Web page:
The Western media over the course of the crisis has reported as “facts” that Yanukovych was overthrown as a result of a popular revolution, that President Poroshenko’s election in May 2014 was legitimate, that the role of neo-Nazi and far right groups in Ukraine is marginal, that the Ukrainian military was winning the war in the Donbass in July and early August 2014, that the Russian military is present in large numbers in eastern Ukraine and that it is the Russians and the east Ukrainian militias that caused the peace process launched in Minsk in September 2014 to fail.
Each one of these “facts” is open to challenge. On examination they turn out to be not “facts” at all but merely opinions that can be contested in every case: Thus opinion polls show an even split of Ukrainians supporting and opposing the Maidan movement that overthrew Yanukovych; Poroshenko’s election was arguably illegitimate since it took place following an unconstitutional coup that was rejected by people in Ukraine’s eastern regions; the neo-Nazi and far right groups appear to have a disproportionate influence in Ukrainian politics and in the Ukrainian military where they have formed themselves into volunteer battalions outside the chain of command; the Ukrainian military was in reality never close to victory at any stage in the war in the summer of 2014; the German government now disputes US and NATO claims concerning the presence of large numbers of Russian troops in eastern Ukraine; and the true reason for the failure of the Minsk peace process launched in September 2014 is not Russian or east Ukrainian failure to honour their commitments but Ukraine’s intransigent refusal to undertake the constitutional negotiations it committed itself to by the Minsk process.
No Western or British broadcaster would however face investigation by Ofcom for reporting the “facts” (or rather opinions) that I set out above, and none in fact has ever had to, even though these “facts” give a strongly pro-Ukrainian take on the conflict and even though they represent the mainstream of reporting of the conflict by the Western and British media.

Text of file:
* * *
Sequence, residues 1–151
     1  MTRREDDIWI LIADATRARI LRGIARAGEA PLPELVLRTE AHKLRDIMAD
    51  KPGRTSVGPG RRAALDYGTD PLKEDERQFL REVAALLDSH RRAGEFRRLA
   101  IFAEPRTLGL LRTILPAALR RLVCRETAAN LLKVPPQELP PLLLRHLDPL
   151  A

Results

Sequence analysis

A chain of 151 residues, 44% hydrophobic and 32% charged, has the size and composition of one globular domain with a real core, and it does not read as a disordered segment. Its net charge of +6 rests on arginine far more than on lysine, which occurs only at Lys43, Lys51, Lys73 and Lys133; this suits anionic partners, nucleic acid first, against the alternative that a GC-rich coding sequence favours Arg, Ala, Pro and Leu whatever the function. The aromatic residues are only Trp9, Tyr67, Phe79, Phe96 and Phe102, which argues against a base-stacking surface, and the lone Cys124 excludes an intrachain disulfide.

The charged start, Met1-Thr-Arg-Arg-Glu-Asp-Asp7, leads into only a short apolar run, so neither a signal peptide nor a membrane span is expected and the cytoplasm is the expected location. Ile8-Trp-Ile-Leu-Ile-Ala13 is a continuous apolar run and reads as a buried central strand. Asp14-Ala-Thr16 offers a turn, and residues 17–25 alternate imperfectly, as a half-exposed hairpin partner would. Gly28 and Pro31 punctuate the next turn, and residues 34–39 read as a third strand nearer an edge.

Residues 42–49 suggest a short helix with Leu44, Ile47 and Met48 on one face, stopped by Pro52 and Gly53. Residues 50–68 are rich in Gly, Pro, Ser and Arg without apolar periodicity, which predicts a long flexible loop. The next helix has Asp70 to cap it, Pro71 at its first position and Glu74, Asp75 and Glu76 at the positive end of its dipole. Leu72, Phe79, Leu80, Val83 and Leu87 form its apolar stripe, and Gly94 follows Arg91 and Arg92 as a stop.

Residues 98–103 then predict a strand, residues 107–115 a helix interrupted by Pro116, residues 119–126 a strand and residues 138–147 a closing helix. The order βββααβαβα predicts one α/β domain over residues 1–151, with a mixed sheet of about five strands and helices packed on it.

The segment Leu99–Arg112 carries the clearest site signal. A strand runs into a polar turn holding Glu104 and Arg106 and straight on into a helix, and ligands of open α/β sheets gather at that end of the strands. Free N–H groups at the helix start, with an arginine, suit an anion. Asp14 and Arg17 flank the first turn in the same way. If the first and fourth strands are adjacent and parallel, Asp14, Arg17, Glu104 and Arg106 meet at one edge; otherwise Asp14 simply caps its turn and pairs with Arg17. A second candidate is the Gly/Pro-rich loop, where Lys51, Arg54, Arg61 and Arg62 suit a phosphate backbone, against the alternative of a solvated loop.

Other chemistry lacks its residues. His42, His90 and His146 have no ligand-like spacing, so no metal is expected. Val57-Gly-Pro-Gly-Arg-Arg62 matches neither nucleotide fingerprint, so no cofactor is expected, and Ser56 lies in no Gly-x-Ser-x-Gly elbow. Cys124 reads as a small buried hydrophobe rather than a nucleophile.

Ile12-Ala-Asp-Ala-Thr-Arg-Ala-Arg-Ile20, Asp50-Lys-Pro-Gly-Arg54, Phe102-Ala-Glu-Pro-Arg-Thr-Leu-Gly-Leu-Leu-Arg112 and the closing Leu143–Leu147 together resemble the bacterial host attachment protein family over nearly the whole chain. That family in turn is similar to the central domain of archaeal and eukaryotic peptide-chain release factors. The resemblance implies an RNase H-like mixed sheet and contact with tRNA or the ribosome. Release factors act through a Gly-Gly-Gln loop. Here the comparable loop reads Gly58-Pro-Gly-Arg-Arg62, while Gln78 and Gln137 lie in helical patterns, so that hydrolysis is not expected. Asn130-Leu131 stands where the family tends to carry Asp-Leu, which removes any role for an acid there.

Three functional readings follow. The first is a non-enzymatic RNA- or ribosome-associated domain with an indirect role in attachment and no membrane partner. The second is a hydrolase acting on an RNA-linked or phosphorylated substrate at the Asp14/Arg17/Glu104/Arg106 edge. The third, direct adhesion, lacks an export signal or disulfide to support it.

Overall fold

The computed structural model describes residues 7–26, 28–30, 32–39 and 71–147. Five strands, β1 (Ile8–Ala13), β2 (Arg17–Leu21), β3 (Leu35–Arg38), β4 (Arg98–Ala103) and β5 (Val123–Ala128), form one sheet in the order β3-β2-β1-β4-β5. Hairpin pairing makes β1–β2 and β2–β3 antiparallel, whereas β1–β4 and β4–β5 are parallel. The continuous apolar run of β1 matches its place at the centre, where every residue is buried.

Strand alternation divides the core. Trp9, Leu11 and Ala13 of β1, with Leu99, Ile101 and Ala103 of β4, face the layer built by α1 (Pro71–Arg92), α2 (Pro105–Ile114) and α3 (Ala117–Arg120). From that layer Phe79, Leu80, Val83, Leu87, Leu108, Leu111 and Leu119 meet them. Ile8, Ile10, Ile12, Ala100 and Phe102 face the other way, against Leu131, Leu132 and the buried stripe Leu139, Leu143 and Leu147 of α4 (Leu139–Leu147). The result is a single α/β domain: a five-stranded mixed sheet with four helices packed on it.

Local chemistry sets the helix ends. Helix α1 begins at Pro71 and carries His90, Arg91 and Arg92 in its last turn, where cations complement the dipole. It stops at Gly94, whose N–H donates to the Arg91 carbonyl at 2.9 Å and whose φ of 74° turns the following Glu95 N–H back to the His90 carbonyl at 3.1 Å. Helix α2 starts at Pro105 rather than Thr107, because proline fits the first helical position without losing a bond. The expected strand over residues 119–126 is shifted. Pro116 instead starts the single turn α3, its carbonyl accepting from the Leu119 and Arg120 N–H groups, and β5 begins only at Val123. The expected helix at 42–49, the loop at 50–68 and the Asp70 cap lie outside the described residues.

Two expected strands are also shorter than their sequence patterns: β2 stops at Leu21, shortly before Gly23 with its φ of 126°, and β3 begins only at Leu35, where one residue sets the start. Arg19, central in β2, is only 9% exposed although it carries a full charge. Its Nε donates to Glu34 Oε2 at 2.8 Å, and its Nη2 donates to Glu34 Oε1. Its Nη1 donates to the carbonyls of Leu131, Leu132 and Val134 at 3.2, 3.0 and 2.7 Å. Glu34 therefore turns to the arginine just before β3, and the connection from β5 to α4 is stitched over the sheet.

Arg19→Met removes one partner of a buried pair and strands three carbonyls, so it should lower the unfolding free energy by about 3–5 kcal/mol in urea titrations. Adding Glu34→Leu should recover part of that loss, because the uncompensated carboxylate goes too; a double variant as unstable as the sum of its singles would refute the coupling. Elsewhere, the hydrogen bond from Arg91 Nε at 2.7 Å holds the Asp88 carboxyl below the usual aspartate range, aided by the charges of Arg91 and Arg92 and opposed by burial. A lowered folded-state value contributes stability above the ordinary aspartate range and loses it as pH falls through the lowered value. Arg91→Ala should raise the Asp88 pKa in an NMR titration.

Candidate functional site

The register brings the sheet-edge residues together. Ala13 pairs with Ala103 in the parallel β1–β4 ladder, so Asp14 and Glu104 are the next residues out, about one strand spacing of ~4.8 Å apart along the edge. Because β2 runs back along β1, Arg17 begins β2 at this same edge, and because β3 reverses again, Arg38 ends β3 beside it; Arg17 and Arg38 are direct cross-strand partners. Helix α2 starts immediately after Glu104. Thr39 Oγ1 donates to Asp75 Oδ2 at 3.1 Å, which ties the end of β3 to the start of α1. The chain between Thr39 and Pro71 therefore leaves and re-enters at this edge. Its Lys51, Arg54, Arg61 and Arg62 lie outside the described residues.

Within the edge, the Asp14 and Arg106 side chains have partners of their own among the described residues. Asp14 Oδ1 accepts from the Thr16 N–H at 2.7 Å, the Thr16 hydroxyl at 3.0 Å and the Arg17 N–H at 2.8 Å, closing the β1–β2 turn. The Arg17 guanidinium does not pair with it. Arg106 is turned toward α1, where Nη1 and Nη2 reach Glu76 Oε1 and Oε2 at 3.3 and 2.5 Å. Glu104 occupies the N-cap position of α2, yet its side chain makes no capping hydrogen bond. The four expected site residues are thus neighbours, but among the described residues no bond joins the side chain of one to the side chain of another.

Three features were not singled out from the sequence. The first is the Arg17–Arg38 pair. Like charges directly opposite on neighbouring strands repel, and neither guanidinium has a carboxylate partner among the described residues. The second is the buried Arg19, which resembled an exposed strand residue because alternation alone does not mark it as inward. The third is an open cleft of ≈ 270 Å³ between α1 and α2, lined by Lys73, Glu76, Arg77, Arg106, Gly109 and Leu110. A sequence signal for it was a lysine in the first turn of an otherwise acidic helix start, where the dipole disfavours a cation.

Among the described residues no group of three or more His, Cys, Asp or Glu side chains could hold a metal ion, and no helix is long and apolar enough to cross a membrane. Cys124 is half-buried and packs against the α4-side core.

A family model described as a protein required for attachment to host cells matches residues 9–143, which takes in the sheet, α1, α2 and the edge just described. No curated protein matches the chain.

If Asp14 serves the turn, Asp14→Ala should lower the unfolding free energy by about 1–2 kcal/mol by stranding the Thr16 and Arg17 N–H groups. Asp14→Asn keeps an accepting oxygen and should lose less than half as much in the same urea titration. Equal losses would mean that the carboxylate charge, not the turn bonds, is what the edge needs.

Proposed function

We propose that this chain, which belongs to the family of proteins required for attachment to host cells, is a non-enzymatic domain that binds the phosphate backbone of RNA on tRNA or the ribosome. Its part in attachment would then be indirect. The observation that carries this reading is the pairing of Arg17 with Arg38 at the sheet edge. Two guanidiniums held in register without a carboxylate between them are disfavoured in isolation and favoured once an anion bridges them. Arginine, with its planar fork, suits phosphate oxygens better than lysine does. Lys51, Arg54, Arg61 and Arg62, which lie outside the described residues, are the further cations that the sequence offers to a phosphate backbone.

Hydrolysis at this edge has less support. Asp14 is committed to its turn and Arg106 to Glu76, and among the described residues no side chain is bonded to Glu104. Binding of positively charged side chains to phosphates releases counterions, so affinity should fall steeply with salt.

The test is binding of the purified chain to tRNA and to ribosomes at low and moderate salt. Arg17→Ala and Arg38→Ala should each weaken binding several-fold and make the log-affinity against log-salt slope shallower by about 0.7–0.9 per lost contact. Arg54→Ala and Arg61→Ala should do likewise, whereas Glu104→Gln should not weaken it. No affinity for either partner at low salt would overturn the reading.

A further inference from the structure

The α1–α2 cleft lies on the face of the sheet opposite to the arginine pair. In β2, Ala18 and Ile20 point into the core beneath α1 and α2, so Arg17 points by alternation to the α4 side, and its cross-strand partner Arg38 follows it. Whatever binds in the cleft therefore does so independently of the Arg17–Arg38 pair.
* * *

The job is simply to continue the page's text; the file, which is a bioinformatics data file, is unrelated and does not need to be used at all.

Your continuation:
Similarly no Western or British broadcaster has faced investigation by Ofcom for saying that MH17 was shot down by the Russians or by the east Ukrainian militia, even though that “fact” too is not a fact at all (since it is has not been proved) but is as of the time of writing merely an expression of opinion.
That the issue is one of expression of inconvenient opinions rather than of misreporting or inaccurately reporting news or “facts” is shown by the way the British media has recently taken to misrepresenting certain comments made by RT’s chief, Margarita Simonyan.
A recent editorial in the Guardian said this about her comments:
“It is a tactic straight out of Mr Putin’s KGB playbook from the 1970s. Generate a plurality of narratives, so the truth can be obscured. In such circumstances, the very idea that there is such a thing as “the truth” can itself be called into question. “There is no objectivity – only approximations of the truth by as many different voices as possible” is how Margarita Simonyan, the editor-in-chief of state-backed Russia Today, puts it. This is weaponised relativism.”
Contrast this with what Simonyan actually said in the interview with Der Spiegel, from which the above quote comes:
“SPIEGEL ONLINE: Efforts are made to be objective. But your network only covers one side, offering Syrian dictator Bashar Assad a platform for his political message.
Simonyan: There are people who refer to Assad's political opponents as the "democratic opposition." Even the rebels, however, have raped women and murdered children. Take Saakashvili, for example. He is held up as a hero by the BBC. For others, he represents an oppressor of freedom. There is no objectivity -- only approximations of the truth by as many different voices as possible.”
Where Simonyan says that facts may validly be the subject of different opinions and of more than one interpretation, the Guardian insists only one opinion or interpretation - its own - which also happens to be the mainstream Western one - is valid, and anything else is “weaponised relativism”.
It is not difficult to see how behind this seeming concern for "objective truth" - and the corresponding rejection of alternative opinions and interpretations that contradict it - lies a thinly disguised form of authoritarianism. To see where that leads, it is only necessary to look at the final paragraph of the editorial:
“Amid the various narratives of “the truth” now being rehearsed by the Russian state, it is necessary to insist upon a reality; on Friday morning Mr Nemtsov was alive, but by the day’s end he was dead. Amid the mischievous misdirection of the Kremlin’s counter-measures, this is, quite simply, the truth.”
That Boris Nemtsov was killed on Friday 27th February 2015 is a truth denied by no one. The “reality” the Guardian insists on is not that one. Rather what the Guardian is actually doing (as the editorial read as a whole makes clear) is demanding that its opinion (which is also the mainstream Western opinion) that the Kremlin killed Nemtsov or caused him to be killed be accepted as “reality”. Any other opinion about the murder is rejected as “mischievous misdirection” by the Kremlin. This notwithstanding the fact that as of the time the editorial was written no facts had come to light to support the Guardian’s opinion that the Kremlin had caused or was responsible for Nemtsov’s death, and all the facts that have come to light since tend to refute it.
When mere opinion independent of proof or facts is elevated to the level of unchallengeable truth, free expression becomes impossible. When provisions intended to guard against factual misreporting and inaccuracy, such as Ofcom’s Broadcasting Code, are misused to suppress the expression of inconvenient opinions, it is valid to warn of censorship. That is the situation we appear to be in now.